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Heroin Users Usually Do Not Fit the Junkie Stereotype

There was an interesting article on the BBC News website this week examining the stereotype of the heroin addict. The focus of this piece was Cory Monteith who was found dead from a heroin overdose a few weeks ago. Anyone who watched this actor/musician in hit TV show Glee or being interviewed will likely find it difficult to picture him as a 'junkie'. This is because many of the people who end up falling into heroin addiction do not fit this stereotype.

The Junkie Stereotype

When heroin addiction is discussed, most of us will automatically picture the stereotypical junkie. The image we will have will be:

  • somebody who does not take care of their personal hygiene and wears dirty clothes
  • a person who is unemployable
  • a person viewed with suspicion in their community
  • this person will have turned to crime to support their habit because they are unable to hold down a job
  • they will steal from their family and friends
  • this person will likely live in a squat
  • they will have a criminal record
  • it would be easy to tell that they are addicted to drugs
  • they buy their drugs in back alleys from dodgy looking criminals.

While there are definitely heroin addicts who do fit this stereotype, there are also plenty of others who do not.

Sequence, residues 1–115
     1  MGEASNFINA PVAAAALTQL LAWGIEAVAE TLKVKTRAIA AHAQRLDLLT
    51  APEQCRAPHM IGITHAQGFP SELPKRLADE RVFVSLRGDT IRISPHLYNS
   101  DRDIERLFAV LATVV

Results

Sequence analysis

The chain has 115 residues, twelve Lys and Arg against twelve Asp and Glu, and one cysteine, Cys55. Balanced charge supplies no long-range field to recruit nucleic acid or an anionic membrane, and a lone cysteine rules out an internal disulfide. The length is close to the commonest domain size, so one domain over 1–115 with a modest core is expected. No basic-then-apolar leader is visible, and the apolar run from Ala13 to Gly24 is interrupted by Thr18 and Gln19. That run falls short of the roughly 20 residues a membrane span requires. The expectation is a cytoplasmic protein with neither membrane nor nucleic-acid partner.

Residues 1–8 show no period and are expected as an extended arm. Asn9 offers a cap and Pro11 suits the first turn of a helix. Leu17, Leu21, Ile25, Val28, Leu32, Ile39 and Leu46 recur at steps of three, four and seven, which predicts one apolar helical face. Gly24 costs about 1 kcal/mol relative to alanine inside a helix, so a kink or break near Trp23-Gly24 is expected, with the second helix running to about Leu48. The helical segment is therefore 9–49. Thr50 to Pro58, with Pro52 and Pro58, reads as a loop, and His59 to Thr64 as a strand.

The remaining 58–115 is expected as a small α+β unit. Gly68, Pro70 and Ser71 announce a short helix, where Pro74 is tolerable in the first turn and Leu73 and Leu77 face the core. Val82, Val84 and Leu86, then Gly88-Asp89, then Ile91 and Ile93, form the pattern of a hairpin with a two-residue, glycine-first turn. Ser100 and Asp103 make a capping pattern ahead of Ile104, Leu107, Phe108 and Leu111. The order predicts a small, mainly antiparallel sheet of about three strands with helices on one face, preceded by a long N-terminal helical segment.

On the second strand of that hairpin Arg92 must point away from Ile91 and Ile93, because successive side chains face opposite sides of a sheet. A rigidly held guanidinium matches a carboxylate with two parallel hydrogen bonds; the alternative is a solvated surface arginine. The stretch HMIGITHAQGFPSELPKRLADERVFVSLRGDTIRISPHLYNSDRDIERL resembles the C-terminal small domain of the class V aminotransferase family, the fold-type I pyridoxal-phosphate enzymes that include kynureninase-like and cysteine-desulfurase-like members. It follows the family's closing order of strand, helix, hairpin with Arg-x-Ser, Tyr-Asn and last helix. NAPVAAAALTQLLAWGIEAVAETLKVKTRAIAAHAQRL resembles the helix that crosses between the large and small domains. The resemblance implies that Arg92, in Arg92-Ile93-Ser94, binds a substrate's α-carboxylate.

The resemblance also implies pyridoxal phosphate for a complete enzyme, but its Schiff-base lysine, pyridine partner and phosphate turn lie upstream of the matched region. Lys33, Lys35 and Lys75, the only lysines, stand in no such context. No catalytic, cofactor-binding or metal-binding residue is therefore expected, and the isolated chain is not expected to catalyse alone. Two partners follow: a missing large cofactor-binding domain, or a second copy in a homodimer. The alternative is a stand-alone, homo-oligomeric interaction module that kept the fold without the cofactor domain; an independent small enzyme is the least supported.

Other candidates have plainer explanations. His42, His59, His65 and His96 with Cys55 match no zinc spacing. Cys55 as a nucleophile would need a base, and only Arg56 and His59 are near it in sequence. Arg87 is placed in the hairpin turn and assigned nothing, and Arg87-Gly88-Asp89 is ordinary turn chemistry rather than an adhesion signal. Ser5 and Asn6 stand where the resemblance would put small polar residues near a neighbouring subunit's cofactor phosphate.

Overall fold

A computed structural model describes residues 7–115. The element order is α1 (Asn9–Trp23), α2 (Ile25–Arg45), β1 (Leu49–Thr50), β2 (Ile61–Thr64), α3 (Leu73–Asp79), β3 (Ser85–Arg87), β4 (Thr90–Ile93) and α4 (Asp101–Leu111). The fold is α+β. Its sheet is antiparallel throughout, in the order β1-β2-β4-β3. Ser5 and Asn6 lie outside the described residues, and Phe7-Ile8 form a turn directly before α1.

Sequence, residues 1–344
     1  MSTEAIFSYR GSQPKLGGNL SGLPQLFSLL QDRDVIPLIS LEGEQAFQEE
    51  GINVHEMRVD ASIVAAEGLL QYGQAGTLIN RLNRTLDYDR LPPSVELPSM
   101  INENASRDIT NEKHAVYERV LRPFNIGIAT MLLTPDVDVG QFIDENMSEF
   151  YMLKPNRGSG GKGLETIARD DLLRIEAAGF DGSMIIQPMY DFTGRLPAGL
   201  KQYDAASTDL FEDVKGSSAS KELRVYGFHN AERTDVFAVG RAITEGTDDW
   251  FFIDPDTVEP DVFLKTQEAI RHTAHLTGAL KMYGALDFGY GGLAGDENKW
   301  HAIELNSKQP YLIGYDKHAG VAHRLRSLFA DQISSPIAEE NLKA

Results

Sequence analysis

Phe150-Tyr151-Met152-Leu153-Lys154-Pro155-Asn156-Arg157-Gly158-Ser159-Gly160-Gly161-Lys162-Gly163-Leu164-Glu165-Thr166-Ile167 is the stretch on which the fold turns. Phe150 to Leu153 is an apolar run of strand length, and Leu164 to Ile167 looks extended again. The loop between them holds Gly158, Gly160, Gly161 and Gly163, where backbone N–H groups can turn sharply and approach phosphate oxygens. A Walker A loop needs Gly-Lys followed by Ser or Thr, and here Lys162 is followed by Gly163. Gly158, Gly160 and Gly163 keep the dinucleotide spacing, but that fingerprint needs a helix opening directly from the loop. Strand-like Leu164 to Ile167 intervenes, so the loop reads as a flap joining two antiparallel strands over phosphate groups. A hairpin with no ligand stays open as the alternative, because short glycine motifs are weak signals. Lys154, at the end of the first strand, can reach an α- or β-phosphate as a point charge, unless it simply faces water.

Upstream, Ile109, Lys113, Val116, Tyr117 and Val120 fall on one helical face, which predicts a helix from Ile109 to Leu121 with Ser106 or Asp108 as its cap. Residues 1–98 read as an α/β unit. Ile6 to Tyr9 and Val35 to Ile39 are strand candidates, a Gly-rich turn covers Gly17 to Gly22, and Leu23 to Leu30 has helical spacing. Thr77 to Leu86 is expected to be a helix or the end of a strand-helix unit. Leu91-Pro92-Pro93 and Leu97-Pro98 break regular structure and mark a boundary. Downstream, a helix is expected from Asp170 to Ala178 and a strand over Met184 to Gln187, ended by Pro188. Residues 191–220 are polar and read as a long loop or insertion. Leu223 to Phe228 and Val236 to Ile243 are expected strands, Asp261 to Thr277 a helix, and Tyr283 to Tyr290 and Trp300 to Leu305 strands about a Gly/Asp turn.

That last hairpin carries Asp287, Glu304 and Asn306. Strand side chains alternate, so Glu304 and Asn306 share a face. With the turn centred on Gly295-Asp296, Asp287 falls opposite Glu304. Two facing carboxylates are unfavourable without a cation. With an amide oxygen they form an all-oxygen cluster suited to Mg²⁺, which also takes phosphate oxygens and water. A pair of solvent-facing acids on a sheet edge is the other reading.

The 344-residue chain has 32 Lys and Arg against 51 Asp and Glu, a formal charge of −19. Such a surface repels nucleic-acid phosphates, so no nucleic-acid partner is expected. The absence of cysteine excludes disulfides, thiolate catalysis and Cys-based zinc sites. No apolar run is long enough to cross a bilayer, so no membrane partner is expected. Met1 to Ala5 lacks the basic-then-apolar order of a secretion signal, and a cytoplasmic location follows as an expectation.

The Reality of Heroin Addiction

Many heroin addicts are able to engage in their habit while maintaining a show of normality. In fact, there are high functioning heroin users who:

  • look fresh-faced and physically well - just like Cory Monteith did
  • appear to be doing well in life
  • have a career that may be taking off
  • may be loved and respected by family and friends
  • will have no need to turn to crime to support their habit
  • may be so good at hiding their addiction problems that even those who are closest to them do not suspect a thing
  • can live in a big house and drive a fancy car
  • may be respected members of their community
  • may have never had any dealings with the police
  • has heroin brought to his or her office or home by someone who looks respectable and wears a fancy suit.
The Danger of the Junkie Stereotype

The stereotype of the junkie meant that Cory Monteith was able to hide his addiction problems from many people. Perhaps if his problems were more obvious, he would have been encouraged to get help earlier. In fact, Cory did enter rehab at the age of nineteen, but he had many years afterwards where he seemed able to hide his problems. The dangers of the junkie stereotype include:

  • giving people addicted to heroin a false sense of comfort because they can deceive themselves that the fact that they do not act like a junkie means they are okay
  • the fact that they are doing relatively well in life means that other people will not be putting as much pressure on them to stop
  • meaning that other people play down their problems
  • meaning that they are less likely to be offered help
  • the fact that their addiction can go undetected for years can mean that the person may have suffered a great deal of physical and mental damage before they reach a stage where they seek help
  • high functioning heroin users are not held back by the same financial constrains facing other heroin users.
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